• ‘But the demonstration ended peacefully, with protesters dispersing of their own accord.’
      • ‘Whatever the final outcome, it is clear that people who want a comfortable retirement are going to have to put away money of their own accord.’
      voluntarily, of one's own free will, of one's own volition, of one's own choice, of one's own choosing, by choice, by preference
      willingly, readily, freely, intentionally, deliberately, on purpose, purposely, spontaneously, without being asked, without being forced, without hesitation, without reluctance
      gladly, with pleasure, with good grace, eagerly, enthusiastically
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  • with one accord

    • In a united way.

      • ‘As has been the case in similar exercises in the past, the Makeni community has again risen to this latest mammoth task with one accord, in the spirit of supplementing Government efforts.’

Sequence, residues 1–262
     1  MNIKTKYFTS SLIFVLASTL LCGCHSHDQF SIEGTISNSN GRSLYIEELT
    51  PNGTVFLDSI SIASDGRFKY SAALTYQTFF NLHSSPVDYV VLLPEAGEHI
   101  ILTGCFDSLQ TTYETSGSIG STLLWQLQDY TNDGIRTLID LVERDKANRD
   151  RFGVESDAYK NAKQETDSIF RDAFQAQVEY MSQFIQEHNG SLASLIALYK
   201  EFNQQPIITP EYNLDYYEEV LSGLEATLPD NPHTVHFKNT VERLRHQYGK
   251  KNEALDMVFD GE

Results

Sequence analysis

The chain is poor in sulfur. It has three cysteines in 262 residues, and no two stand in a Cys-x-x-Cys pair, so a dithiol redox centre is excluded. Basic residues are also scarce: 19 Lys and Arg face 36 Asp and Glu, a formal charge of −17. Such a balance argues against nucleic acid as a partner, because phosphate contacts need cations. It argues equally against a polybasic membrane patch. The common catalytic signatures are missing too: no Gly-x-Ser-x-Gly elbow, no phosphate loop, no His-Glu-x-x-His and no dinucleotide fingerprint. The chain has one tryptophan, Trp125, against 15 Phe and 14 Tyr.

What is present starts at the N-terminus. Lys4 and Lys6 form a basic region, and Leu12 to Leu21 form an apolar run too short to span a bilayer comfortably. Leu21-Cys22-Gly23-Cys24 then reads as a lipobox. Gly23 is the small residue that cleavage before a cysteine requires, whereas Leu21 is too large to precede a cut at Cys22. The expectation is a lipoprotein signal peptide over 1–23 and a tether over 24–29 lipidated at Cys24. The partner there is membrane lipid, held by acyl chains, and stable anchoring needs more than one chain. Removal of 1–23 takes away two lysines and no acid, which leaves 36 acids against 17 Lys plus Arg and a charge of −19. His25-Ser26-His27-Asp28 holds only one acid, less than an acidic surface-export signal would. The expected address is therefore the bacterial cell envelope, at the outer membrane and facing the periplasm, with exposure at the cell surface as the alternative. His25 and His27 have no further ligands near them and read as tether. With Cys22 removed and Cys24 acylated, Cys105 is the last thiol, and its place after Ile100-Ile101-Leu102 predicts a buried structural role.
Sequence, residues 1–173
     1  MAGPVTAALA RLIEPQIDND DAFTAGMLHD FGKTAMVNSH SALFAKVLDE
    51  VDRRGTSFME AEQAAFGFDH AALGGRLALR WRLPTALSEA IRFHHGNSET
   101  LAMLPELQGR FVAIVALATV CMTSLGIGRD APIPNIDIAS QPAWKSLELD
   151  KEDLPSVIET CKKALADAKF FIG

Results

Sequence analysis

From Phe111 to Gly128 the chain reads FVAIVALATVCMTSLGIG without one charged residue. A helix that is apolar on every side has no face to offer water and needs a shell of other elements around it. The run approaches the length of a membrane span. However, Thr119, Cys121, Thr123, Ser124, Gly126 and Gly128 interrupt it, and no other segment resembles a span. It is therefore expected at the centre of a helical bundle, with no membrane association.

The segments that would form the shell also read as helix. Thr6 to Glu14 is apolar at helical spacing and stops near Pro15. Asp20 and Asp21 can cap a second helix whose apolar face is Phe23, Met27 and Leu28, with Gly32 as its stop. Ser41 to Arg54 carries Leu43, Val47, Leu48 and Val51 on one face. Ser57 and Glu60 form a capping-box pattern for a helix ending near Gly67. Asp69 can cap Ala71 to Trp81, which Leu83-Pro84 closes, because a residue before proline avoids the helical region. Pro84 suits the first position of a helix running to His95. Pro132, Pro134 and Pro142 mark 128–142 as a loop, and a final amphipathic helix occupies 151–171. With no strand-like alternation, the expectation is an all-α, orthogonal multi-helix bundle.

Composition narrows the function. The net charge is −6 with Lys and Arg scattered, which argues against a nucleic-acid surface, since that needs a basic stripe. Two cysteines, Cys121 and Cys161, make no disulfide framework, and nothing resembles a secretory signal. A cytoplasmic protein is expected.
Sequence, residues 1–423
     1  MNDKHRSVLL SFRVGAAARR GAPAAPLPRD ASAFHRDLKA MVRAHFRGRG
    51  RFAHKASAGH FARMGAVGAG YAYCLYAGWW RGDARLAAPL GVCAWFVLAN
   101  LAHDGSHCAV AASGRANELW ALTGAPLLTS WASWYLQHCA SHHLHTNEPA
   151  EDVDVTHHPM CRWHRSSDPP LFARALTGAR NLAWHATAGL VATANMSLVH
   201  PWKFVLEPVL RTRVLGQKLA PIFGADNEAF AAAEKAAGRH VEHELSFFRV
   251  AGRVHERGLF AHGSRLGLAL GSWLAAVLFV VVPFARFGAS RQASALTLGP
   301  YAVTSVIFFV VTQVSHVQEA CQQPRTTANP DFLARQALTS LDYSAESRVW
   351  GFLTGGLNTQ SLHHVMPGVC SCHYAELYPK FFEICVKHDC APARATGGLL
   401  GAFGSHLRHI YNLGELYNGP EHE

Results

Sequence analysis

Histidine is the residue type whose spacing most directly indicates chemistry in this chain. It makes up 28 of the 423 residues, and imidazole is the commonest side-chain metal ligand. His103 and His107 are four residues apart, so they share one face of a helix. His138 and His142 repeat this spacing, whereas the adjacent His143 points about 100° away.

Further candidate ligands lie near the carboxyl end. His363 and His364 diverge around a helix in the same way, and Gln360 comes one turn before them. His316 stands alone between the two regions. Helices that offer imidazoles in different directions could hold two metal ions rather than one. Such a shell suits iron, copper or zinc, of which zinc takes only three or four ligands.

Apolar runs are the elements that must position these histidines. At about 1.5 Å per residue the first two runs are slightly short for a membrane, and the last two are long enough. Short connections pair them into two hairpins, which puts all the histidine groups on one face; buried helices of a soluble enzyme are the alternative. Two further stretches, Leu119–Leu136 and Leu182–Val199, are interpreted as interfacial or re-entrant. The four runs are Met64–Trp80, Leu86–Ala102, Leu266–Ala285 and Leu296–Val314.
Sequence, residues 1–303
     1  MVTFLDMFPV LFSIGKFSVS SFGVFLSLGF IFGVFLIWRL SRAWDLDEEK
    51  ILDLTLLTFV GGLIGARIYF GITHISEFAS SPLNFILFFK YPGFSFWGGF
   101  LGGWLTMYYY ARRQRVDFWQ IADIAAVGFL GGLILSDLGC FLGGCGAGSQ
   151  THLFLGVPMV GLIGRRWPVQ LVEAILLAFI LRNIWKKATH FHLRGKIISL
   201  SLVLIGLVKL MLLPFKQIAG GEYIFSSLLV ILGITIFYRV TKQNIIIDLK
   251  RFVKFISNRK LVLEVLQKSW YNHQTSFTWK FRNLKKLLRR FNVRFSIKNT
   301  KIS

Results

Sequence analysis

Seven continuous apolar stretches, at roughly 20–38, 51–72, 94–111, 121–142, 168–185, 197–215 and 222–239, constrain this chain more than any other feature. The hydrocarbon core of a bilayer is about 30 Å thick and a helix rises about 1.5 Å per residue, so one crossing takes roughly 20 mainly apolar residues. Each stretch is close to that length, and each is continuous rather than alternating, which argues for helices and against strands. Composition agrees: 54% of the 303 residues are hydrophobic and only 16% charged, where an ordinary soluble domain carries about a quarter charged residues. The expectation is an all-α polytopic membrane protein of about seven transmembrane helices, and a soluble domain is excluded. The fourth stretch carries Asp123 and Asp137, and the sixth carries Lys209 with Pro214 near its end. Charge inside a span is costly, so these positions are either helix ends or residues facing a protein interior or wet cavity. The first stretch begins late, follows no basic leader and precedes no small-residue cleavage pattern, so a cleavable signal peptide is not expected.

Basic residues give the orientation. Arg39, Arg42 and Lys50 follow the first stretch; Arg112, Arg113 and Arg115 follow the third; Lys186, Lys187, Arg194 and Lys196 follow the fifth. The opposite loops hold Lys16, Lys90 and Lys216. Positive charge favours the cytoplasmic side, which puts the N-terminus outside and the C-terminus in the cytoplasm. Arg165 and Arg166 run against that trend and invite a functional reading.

• ‘Many relatives travelled home from as far away as the UK, Connecticut, Rhode Island and Florida, to attend the ceremony and readings were conducted in a variety of accents but with one accord.’
      • ‘The odd thing about the nature of the award is that it gathers together the judges who should be the most insightful footballing men on the planet and with one accord they go for the obvious: the eye-catching, the brilliant, the magical.’
      • ‘There were other people already seated at the long trestle table, watching them with interest, and with one accord they made for seats away from the fire, somewhat in the shadows but no so far that it would raise suspicion.’